"Curiosity is the very basis of education and if you tell me that curiosity killed the cat, I say only the cat died nobly." - Arnold Edinborough

I have previously talked about some of the most common nginx questions; not surprisingly, one such question is how to optimize nginx for high performance. This is not really overly surprising since most of new nginx users are migrating over from Apache and thus are used to having to tune settings and perform voodoo magic to ensure that their servers perform as best as possible.

Well I’ve got some bad news for you, you can’t really optimize nginx very much. There’s no magic settings that will reduce your load by half or make PHP run twice as fast. Thankfully, the good news is that nginx doesn’t require any tuning because it is already optimized out of the box. The biggest optimization happened when you decided to use nginx and ran that apt-get install, yum install or make install. (Please note that repositories are often out of date. The wiki install page usually has a more up-to-date repository)

That said, there’s a lot of options in nginx that affects its behaviour and not all of their defaults values are completely optimized for high traffic situations. We also need to consider the platform that nginx runs on and optimize our OS as there are limitations in place there as well.

So in short, while we cannot optimize the load time of individual connections we can ensure that nginx has the ideal environment optimized for handling high traffic situations. Of course, by high traffic I mean several hundreds of requests per second, the far majority of people don’t need to mess around with this, but if you are curious or want to be prepared then read on.

First of all we need to consider the platform to use as nginx is available on Linux, MacOS, FreeBSD, Solaris, Windows as well as some more esoteric systems. They all implement high performance event based polling methods, sadly, nginx only support 4 of them. I tend to favour FreeBSD out of the four but you should not see huge differences and it’s more important that you are comfortable with your OS of choice than that you get the absolutely most optimized OS.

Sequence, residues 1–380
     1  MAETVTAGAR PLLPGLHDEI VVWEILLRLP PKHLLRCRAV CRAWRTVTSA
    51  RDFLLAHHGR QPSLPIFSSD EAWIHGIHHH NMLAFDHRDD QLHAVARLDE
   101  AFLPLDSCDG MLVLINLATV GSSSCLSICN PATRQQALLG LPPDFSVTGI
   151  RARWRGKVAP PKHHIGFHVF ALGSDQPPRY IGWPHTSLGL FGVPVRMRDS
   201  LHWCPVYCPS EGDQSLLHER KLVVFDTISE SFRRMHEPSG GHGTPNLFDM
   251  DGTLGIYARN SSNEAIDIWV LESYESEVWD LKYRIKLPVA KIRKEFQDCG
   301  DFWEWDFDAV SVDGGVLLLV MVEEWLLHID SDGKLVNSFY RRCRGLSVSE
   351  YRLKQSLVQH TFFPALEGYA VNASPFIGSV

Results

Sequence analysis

In case you hadn’t guessed it already then the odd one out is Windows. Nginx on Windows is really not an option for anything you’re going to put into production. Windows has a different way of handling event polling and the nginx author has chosen not to support this; as such it defaults back to using select() which isn’t overly efficient and your performance will suffer quite quickly as a result.

The second biggest limitation that most people run into is also related to your OS. Open up a shell, su to the user nginx runs as and then run the command `ulimit -a`. Those values are all limitations nginx cannot exceed. In many default systems the open files value is rather limited, on a system I just checked it was set to 1024. If nginx runs into a situation where it hits this limit it will log the error (24: Too many open files) and return an error to the client. Naturally nginx can handle a lot more than 1024 files and chances are your OS can as well. You can safely increase this value.

To do this you can either set the limit with ulimit or you can use worker_rlimit_nofile to define your desired open file descriptor limit.

Nginx Limitations
With the OS taken care of it’s time to dive into nginx itself and have a look at some of the directives and methods we can use to tune things.

Worker Processes
The worker process is the backbone of nginx, once the master has bound to to the required IP/ports it will spawn workers as the specified user and they’ll then handle all the work. Workers are not multi-threaded so they do not spread the per-connection across CPU cores. Thus it makes sense for us to run multiple workers, usually 1 worker per CPU core. Though, anything above 2-4 workers is overkill as nginx will hit other bottlenecks before the CPU becomes an issue and usually you’ll just have idle processes.

An argument for more worker processes can be made when you’re dealing with situations where you have a lot of blocking disk IO. You will need to test your specific setup to check the waiting time on static files, and if it’s big then try to increase worker processes.

Worker Connections
Worker connections are sort of a weird concept. I’m not entirely sure what the purpose is of this directive but it effectively limits how many connections each worker can maintain at a time. If I were forced to guess I’d say it was insurance against keep-alive being incorrectly configured and running connections up into areas where you might start running out of ports to use.

In the default configuration file it is set to 1024, if we consider that browsers normally open up 2 connections for pipe lining site assets then that leaves us with a maximum of 512 users handled simultaneously. This sounds like quite a few clients, but if we then consider that the default keep-alive time-out is 65 (in the default configuration file provided with source, the default if no value is specified is 75 according to the wiki) then that means we can actually only handle about 8 connections per second. Obviously this is a lot more than most people need, especially considering we’ll usually be running 2-4 workers. But for high traffic sites with keep-alive enabled this is worth keeping in mind.

Additionally we also have to consider reverse proxying which will open up an additional connection to your backend, however, since Nginx does not support persistent connections to backends this is not too much of an issue unless you have long running backend processes.